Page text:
Fri, 29th Oct 2021 11:00

Islamic Art - Property of a European Collector Part II

 
  Lot 242
 

A SMALL QAJAR LACQUERED PAPIER-MÂCHÉ SHOE-SHAPED BOX
Qajar Iran, 19th century

A SMALL QAJAR LACQUERED PAPIER-MÂCHÉ SHOE-SHAPED BOX
PROPERTY FROM AN IMPORTANT PRIVATE EUROPEAN COLLECTOR
Qajar Iran, 19th century

In the shape of a Qajar shoe, lacquered, polychrome-painted and heightened in gold, the finely painted box featuring a tour-de-force of figural decoration including the Twelve Signs of the Zodiac, winged cherubs and pairs of fish, and deer, lion and wild boar hunting scenes, the lid decorated with a winged angel in the centre holding the royal Persian crown and flanked by two lions holding swords (shir-o-shamshir), an anthropomorphised rising sun behind them, the scene a triumphant homage to the Qajar dynasty and its symbols, all against a black-painted ground, 3cm x 8cm.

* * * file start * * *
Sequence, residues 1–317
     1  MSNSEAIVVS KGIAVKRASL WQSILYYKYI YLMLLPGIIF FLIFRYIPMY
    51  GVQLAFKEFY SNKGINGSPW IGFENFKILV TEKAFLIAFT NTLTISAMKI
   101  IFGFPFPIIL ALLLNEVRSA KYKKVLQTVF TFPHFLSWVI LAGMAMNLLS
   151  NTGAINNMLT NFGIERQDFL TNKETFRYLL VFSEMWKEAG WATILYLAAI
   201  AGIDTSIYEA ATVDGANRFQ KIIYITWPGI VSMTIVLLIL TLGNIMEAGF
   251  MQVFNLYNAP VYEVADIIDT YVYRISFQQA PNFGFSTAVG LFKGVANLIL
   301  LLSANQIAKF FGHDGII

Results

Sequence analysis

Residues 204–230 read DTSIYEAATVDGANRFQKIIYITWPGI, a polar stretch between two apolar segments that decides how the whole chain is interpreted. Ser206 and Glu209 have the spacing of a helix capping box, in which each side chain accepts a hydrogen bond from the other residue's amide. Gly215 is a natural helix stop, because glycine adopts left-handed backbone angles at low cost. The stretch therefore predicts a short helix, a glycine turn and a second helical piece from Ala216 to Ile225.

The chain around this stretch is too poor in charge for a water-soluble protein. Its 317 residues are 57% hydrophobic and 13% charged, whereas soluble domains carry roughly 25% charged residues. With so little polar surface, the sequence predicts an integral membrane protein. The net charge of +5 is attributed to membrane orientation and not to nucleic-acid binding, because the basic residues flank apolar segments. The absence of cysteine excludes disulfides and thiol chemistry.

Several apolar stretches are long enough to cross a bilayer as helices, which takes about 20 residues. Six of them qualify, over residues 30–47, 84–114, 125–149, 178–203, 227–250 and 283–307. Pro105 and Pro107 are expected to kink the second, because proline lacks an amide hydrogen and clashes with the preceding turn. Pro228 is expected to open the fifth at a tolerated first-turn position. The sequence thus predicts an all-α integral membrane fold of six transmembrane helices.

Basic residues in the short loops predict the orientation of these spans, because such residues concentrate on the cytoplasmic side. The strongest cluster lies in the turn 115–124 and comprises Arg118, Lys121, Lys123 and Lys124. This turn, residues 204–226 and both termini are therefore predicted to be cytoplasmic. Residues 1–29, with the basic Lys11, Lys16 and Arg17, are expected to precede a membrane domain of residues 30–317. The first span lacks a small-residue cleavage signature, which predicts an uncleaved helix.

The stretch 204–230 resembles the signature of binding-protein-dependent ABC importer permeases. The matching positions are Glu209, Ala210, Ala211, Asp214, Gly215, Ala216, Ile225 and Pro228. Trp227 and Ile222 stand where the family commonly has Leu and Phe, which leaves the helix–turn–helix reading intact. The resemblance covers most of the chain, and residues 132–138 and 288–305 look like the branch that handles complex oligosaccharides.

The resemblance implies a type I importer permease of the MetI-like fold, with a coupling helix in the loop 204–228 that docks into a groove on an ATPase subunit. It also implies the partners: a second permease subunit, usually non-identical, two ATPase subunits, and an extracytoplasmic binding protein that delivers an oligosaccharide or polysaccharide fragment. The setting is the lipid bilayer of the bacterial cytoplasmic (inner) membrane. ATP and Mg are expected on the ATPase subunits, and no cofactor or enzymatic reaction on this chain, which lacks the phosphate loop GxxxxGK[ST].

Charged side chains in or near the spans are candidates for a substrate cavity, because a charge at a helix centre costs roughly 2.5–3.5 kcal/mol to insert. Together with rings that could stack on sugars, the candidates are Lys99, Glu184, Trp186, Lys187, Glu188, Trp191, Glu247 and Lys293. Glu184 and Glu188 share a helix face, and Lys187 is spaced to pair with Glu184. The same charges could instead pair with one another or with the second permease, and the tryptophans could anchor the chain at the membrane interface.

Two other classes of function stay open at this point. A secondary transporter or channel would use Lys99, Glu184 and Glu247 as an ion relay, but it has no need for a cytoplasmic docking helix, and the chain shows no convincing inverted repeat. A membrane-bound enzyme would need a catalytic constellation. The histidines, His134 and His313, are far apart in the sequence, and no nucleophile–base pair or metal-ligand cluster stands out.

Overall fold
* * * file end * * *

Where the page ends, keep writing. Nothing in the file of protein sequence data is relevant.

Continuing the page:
The presence of several pairs of fish decorating this box and the fact that they are not bound to one of the Zodiac roundels but rather swim freely could possibly indicate that the box was commissioned as a present or yadgar (souvenir) to celebrate the Persian New Year (Nowruz), usually taking place on the 21st of March on the Spring Equinox day. In Persian culture, fish have both celestial, astrological and mythical importance being part of the creation myth. Given their relevance and auspicious connection to the beginning of the new Persian year, it shouldn't surprise that one of the main dishes served on Nowruz is Sabzi Polo Mahi (herbed rice with fish).

Two similar shoe-shaped boxes, coming from the same private collection, were successfully sold in these Rooms, 22 July 2020, lot 53.

Sold for £1,875

Includes Buyer's Premium


 

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